It is that time of year. The second edition of the Great Virtual Race Across Tennessee. I entered this virtual race again because we got cool belt buckles last year. This year\’s version is 642 miles. It began on May 1. I have already completed 102 miles.
You can see my current location on the map just above Jackson. 102 miles is 16%.
I find that since the race started, my brain has been focused on doing miles. Not that there is any hurry. A very curious thing about my brain. It thinks it is in the race, therefore, I am compelled to do more miles than normal.
Starting Monday was a 255-mile ultra-marathon. It took place between Phoenix and Flagstaff, Arizona, on trails. For the first time ever, it was live-streamed by many volunteers on the course. I watched as much as I could. I happened to watch the winner finish in real-time, just over 72 hours. It was amazing to watch him run in to the finish, not at all looking like he just spent 3 days in the mountains doing 255 miles. The first female came in about 12 hours later. She did look like her feet hurt. I could feel her pain. However, all the finishers demonstrated an amazing thing about the human mind. The mind can somehow keep a body going and going and going. There was a live chat on Youtube. I could see that many people felt amazed as I did. Every time I logged in to watch, there were nearly 1,000 others watching. Many ultra-runners left the live stream on their computers all day while they \”worked from home.\” And then, I went out to do my own miles.
Speaking of the brain, I just finished another neuroscience book: \”7 1/2 Lessons About the Brain\” by Lisa Feldman-Barrett. Interestingly, this author thinks that the brain makes the mind, not that the mind uses the brain as a tool. Not a word about \”consciousness,\” unless you count the word \”mind\” as consciousness. The implications are major if consciousness is a thing made by an organic process with no intentional guidance.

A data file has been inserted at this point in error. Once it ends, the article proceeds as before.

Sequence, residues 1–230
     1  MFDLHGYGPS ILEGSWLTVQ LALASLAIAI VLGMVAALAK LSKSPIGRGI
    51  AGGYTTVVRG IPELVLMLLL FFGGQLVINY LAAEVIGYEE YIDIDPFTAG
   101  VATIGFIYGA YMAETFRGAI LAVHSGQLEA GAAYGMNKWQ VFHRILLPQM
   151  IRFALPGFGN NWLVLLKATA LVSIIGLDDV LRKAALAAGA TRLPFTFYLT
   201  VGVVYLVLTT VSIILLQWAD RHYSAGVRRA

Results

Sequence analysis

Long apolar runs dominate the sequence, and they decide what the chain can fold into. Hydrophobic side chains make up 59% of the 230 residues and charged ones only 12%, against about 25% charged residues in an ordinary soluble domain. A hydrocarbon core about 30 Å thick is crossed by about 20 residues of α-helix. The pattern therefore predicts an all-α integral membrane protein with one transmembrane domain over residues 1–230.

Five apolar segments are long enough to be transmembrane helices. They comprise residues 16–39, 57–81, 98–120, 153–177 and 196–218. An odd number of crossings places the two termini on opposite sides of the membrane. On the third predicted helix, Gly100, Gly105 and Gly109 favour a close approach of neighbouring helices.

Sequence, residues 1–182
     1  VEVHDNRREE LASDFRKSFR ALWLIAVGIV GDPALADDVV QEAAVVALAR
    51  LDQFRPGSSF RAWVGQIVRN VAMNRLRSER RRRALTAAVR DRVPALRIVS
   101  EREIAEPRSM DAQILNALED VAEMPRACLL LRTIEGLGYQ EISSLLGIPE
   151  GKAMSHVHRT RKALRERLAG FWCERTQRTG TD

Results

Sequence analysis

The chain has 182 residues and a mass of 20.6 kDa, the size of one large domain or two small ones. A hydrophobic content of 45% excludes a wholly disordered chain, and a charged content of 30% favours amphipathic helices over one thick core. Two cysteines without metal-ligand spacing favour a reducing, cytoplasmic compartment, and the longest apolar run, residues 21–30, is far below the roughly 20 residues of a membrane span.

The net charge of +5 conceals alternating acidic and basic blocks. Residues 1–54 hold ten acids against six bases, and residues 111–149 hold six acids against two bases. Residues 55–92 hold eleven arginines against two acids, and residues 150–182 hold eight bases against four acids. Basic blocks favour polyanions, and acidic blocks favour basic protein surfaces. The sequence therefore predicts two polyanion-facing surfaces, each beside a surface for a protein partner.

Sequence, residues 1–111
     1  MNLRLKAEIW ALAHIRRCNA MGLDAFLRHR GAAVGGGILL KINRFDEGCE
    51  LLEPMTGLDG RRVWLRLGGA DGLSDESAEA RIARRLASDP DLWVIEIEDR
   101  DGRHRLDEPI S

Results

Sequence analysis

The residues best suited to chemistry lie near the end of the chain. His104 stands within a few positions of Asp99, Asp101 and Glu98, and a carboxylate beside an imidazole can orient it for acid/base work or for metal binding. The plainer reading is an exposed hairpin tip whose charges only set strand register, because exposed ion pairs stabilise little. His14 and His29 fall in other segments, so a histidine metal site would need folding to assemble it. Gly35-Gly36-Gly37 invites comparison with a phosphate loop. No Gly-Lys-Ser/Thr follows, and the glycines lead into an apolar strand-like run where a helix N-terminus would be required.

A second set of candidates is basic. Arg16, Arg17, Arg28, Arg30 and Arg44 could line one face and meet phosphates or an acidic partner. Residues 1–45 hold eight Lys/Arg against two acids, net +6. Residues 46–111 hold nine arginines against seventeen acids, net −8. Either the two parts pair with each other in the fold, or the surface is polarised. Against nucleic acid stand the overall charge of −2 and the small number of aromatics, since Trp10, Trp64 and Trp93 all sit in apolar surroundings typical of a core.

I\’ve read a number of neuroscience books. I can say that most of them do not propose that there is a consciousness, or soul, which is present at birth or that enters the body at some point. Experiments have not been able to detect consciousness.
Neuroscience leaves us spiritualists hanging. There is no data, only individual reports. 7 1/2 Lessons also does not discuss the differing jobs of the left and right hemispheres. Perhaps in writing a logical book, the author did not give the right hemisphere a say; after all, the right hemisphere is non-verbal. If there is a higher consciousness, it would communicate quietly through the right hemisphere. The communication would be an intuitive thought received into the left hemisphere through the corpus callosum, which connects the two hemispheres.
René Descartes, a philosopher who died in 1650, knew as much about consciousness as we do. We still don\’t know what makes a human out of an animal. We prefer to see ourselves as special in the universe, more conscious than any other animal; but we could be wrong about our specialness.